Inside Basilica Cistern, with water below and tourists above

Despite almost escaping, Brooks returns, and reveals that the bag had already dissolved one week earlier. The date specified in Zobrist's video was the mathematical calculation of when the entire world would be infected, which has already happened. The plague that Zobrist created is revealed to be a vector virus that randomly activates to employ DNA modification to cause sterility in one third of humans. Brooks reveals that she was trying to stop the virus herself, distrusting the WHO, fearing the virus would be weaponized if they found it. The leader of The Consortium tries to escape WHO custody, but is caught later. Brooks receives amnesty in exchange for working with the WHO to address the crisis, since she has extensive knowledge of Zobrist's research and work.

Characters edit

The mask of Dante Alighieri, in Palazzo Vecchio, Florence
  • Robert Langdon: An American professor of symbology at Harvard University, Cambridge, Massachusetts and protagonist of the novel.
  • Sienna Brooks: A doctor and Zobrist's former lover who works for The Consortium and secondary antagonist. She helps Langdon find the virus Zobrist created, but her past relationship with Zobrist makes her loyalty to Langdon suspicious until the end of the novel. She was a loyal disciple of Zobrist until she reads his last letter and decides to get his new technology before it can fall into the wrong hands. She believes the World Health Organization will cooperate with other government agencies to use Zobrist's new virus for weapons. She uses The Consortium and Langdon to follow the Map of Hell and get to ground zero before everyone else, but realizes that Zobrist had set off a futile search as he released his virus well beforehand.
  • Bertrand Zobrist: A transhumanist genius scientist who is obsessed with Dante's Inferno and a primary antagonist of the novel. He is intent on solving the world's overpopulation problem by releasing a virus.
  • Elizabeth Sinskey: The head of the World Health Organization who hires Langdon to find Zobrist's virus. She became infertile after taking steroids to help with her childhood asthma attacks and as such is emotionally invested in Zobrist's method of controlling world population.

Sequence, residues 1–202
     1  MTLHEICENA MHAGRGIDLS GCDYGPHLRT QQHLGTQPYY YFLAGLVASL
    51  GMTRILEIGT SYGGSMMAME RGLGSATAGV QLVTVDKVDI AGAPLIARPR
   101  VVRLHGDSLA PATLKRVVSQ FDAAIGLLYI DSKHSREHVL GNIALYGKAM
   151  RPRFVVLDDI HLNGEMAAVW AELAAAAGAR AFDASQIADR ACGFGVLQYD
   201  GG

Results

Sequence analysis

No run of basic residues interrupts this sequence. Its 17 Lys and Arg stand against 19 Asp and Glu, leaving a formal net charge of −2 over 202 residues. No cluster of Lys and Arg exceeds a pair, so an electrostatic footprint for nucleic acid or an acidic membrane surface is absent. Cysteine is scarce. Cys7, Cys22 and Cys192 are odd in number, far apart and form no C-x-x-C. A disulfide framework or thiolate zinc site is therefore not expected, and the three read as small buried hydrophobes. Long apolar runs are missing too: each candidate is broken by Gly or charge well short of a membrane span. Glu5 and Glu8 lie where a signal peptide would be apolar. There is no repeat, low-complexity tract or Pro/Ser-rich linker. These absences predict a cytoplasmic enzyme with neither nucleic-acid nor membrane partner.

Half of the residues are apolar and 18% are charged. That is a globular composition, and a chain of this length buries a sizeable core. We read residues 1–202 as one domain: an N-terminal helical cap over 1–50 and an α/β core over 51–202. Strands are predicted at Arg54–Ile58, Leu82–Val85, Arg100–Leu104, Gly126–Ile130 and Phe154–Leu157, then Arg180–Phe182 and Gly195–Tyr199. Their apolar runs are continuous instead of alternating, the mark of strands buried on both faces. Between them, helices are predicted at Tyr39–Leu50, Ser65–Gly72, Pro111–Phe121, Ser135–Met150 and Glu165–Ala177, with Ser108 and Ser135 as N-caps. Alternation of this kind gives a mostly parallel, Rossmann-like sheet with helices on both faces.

• Cristoph Brüder: Head of the SRS team (part of the European Centre for Disease Prevention and Control) who is ordered by Sinskey to find Langdon after she loses contact with him.
  • The Provost: The head of The Consortium. He tries to bring to fruition Zobrist's wishes by securing the location of the virus from Langdon and Sinskey and scheduling to release to the media a video Zobrist made before his death. When he learns that he was helping Zobrist in a bio-terrorist attack, he helps the World Health Organization to search for the weapon. He is eventually arrested for his part in the events.
  • Vayentha: The Consortium's agent in Florence who has orders to follow Langdon but is later disavowed after failing her mission. She falls to her death after a confrontation with Langdon and Brooks in the Palazzo Vecchio.
  • Jonathan Ferris: An agent of The Consortium who pretends to be in league with the World Health Organization. He used fake eyebrows and a mustache to act as Dr. Marconi in the beginning of the novel. He had been ordered to detain Brooks.
  • Marta Alvarez: An employee at the Palazzo Vecchio in Florence who assists Langdon with Dante's death mask. She is pregnant with her first child.
  • Ignazio Busoni: The obese director of Il Duomo in Florence, nicknamed "il Duomino", who assists Langdon with Dante's death mask. He succumbs to a heart attack prior to the events of the novel.
  • Ettore Vio: The curator of St. Mark's basilica in Venice.
  • Mirsat: A tour guide of Hagia Sophia in Istanbul.

Marketing edit

Brown released the book's title on his website on January 15, 2013,[2] after prompting readers to help reveal a digital mosaic using social media posts,[3] and revealed the cover in late February 2013.[4] The cover depicts the famous Basilica di Santa Maria del Fiore located in Florence, Italy. He also published the first chapter of Inferno along with a free ebook of The Da Vinci Code on March 17. The ebook was distributed for free to readers worldwide through online e-book stores like Amazon, Google Play and Barnes & Noble until March 24, 2013. Transworld publishers, the official UK publisher of Dan Brown books, have also released the official book trailer through YouTube and others.

Inferno has been translated into French, Russian, Turkish, Greek, German, Dutch, Spanish, Catalan, Italian, Czech, Portuguese, Finnish, Norwegian, Swedish and Danish for simultaneous release. The publishers hired a team of 11 translators who worked on the project at the headquarters of Mondadori in Milan between February and April 2013. They were reportedly sequestered in a basement, and worked intensively under strict security and secrecy. It has been also translated into Persian by Afraz Publication, 3 months after first publishing.[5] The book was translated into Bosnian, Serbian, Croatian and Azerbaijani and released simultaneously in January 2014.

Film edit

Sony Pictures announced a film adaptation would be released on October 14, 2016,[6] with Ron Howard as director, David Koepp adapting the screenplay and Tom Hanks reprising his role as Robert Langdon.[7] On December 2, 2014, Felicity Jones was set to star in the film as Sienna Brooks.[8] Indian actor Irrfan Khan was cast as The Provost.[9] Danish actress Sidse Babett Knudsen was added to the cast as Elizabeth Sinskey.[10] Filming began on April 27, 2015, in Venice, Italy, and wrapped up on July 21, 2015.[11] The first half of film is mostly faithful to the novel, deviating significantly toward the end, specifically that Langdon and his team arrive at the baths in time to prevent the release of the virus rather than arriving a week after it was deployed.